Billboard sex? No way.
Street prostitution? No worries.
By Heather Merle Benbow
June 20 2002
The Bracks Government's poor timing this week in relation to two
has exposed its contradictory attitude to women.
On Tuesday, the Minister for Women's Affairs, Mary Delahunty, announced
that the government was developing "gender portrayal guidelines"
encourage the positive portrayal of women in outdoor advertising.
Then, yesterday, Attorney-General Rob Hulls announced a new "harm
minimisation" approach to street prostitution in St Kilda -
allow the exploitation of Victoria's most vulnerable women to be
under the carpet.
The Attorney-General's Street Prostitution Advisory Group was formed
response to St Kilda traders' and residents' concerns about an increase
street prostitution. From the outset the group took a narrow view
more than threefold increase in the number of women working in street
prostitution in St Kilda in the past 15 years.
In its interim report it stated: "The advisory group has not
itself with moral arguments about whether street prostitution should
permitted; it accepts that prostitution will continue."
Rather than pondering what the presence of up to 50 women working
street prostitutes at peak times in St Kilda tells us about the
women in Victoria, and the safety of those particular women, the
group sought to achieve "reduced harm to the community caused
Yet surely those who are most harmed by street prostitution are
The advisory group acknowledged the disadvantage that drives women
street prostitution in the first place: "They are the victims
abuse and violence, and confront problems in relation to drug dependency,
homelessness, and mental and sexual health." In fact, a 1996
report found that 80 per cent of street prostitutes had a substance-abuse
These are some of the most economically and socially disadvantaged
and girls in our community, yet the government opts for a quick
fix - move
them on so the curb crawlers (dignified with the title "clients")
"serviced" in tolerance zones.
After paying a fee, the woman will be used in a "sex-worker
located away from residential areas, schools, places of worship,
and retail areas.
Meanwhile, Women's Affairs Minister Delahunty worries about the
of woman in outdoor advertising as merely "cute, curvaceous
compliant". The minister last year convened an advisory committee
complaints about a spate of sexist stereotyping in billboard ads.
The shoe manufacturer Windsor Smith was rightly criticised for
a series of
advertisements that evoked a kind of brothel-chic: there was a woman
apparently fellating a man in a suit, a woman with breasts bared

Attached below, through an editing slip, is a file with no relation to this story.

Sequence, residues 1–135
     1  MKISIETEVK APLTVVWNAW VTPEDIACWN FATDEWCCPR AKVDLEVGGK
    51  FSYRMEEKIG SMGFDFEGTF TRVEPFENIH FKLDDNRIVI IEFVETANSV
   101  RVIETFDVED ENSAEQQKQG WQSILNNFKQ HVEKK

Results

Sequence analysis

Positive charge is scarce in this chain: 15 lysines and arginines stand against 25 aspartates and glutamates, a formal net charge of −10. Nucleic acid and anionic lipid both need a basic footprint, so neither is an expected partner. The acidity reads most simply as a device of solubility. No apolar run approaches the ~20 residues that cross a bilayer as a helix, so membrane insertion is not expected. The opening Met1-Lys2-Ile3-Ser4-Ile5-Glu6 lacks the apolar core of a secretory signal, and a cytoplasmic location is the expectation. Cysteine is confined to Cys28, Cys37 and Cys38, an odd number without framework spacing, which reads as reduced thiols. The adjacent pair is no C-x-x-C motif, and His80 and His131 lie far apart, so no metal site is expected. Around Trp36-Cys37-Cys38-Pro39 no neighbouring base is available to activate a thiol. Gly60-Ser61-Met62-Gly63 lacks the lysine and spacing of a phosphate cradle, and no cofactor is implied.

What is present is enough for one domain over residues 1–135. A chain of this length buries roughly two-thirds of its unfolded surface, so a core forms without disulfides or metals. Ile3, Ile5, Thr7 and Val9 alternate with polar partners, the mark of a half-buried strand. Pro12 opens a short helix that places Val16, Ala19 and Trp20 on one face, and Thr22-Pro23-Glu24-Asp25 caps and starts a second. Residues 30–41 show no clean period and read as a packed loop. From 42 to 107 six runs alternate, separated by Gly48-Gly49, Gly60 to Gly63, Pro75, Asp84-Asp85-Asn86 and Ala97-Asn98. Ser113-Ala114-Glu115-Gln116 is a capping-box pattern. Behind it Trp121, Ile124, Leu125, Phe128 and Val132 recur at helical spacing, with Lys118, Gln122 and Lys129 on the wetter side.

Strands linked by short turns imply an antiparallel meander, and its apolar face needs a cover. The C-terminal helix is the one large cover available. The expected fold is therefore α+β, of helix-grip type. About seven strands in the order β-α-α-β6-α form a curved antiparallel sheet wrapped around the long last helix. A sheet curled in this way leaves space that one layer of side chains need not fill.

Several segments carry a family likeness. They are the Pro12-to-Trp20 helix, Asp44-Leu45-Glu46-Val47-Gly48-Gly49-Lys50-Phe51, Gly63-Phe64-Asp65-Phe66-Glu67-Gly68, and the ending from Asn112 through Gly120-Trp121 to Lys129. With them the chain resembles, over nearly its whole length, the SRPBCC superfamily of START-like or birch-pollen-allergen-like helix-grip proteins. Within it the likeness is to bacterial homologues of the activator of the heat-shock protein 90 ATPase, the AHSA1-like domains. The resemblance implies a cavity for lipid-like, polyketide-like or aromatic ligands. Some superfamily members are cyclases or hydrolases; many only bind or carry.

her legs around a football player, and a man in a seedy room removing
shoes as two emaciated women wait patiently for him on a bed.
Such images are clearly not "positive" representations
of women, according
to the minister. Fair enough. But why is the hand-wringing over
representations of women as objects for sexual use not accompanied
concern over the purchasing of real women and girls in St Kilda,
sanctioned by the Attorney-General?
And what of the state's legal brothels and strip clubs? How can
advertising be improved to project a positive image of women?
The Women's Affairs Ministry seems not to realise that Victoria's
sex industry is one of the busiest (and one of the most tolerated)
world - there are an estimated 60,000 visits to legal brothels in
state every week. It is little wonder that advertisers have taken
cue from the burgeoning sex industry.
An alternative approach, and one that the Minister for Women's
could proudly promote, would be to see sexual exploitation of women
human rights issue. This approach would require the de-criminalisation
soliciting, so women are not further victimised, and penalties for
who seek to buy sex. Most importantly, though, the government should
exit strategies and social services for street prostitutes wanting
The Bracks Government is sending out mixed messages on the status
of women in Victoria: a business may sell sexual use of women by
the half-hour, but the government frowns upon advertisers who portray
women as sexual objects to sell shoes.
The femocrats of the Victorian ALP appear content to tolerate the
exploitation of Victorian women - so long as they don't have to
it on their way to work.
Heather Merle Benbow
Heather is a doctoral student at The University of Melbourne.